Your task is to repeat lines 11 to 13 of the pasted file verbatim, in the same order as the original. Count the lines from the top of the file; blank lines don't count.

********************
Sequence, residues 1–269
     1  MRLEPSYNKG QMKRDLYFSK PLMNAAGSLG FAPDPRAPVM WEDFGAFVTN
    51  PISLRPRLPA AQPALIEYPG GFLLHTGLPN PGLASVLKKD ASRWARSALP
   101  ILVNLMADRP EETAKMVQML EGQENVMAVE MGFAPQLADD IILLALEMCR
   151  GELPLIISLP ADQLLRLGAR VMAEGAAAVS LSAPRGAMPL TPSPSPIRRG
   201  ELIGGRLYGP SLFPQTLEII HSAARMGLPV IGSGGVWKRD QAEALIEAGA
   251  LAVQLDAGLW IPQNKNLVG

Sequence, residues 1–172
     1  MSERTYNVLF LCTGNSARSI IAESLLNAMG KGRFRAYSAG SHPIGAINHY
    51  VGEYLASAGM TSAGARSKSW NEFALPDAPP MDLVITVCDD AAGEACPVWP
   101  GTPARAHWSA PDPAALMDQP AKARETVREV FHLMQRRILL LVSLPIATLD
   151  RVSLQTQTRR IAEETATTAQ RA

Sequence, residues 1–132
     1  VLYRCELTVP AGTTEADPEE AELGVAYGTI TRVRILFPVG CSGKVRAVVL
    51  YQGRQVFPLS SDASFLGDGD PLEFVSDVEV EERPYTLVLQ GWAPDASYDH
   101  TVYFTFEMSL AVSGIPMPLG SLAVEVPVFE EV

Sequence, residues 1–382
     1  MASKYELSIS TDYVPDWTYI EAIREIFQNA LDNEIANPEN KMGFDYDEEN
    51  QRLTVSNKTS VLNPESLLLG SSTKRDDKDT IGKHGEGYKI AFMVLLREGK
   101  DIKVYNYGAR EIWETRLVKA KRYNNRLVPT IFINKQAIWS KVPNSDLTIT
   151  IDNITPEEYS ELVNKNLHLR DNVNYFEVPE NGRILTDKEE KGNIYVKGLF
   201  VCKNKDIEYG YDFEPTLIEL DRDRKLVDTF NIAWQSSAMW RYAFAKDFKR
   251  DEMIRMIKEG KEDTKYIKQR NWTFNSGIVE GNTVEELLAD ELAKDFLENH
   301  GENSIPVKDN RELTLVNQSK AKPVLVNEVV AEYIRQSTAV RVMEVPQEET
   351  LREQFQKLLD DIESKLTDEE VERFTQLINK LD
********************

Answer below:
   101  GTPARAHWSA PDPAALMDQP AKARETVREV FHLMQRRILL LVSLPIATLD
   151  RVSLQTQTRR IAEETATTAQ RA

Sequence, residues 1–132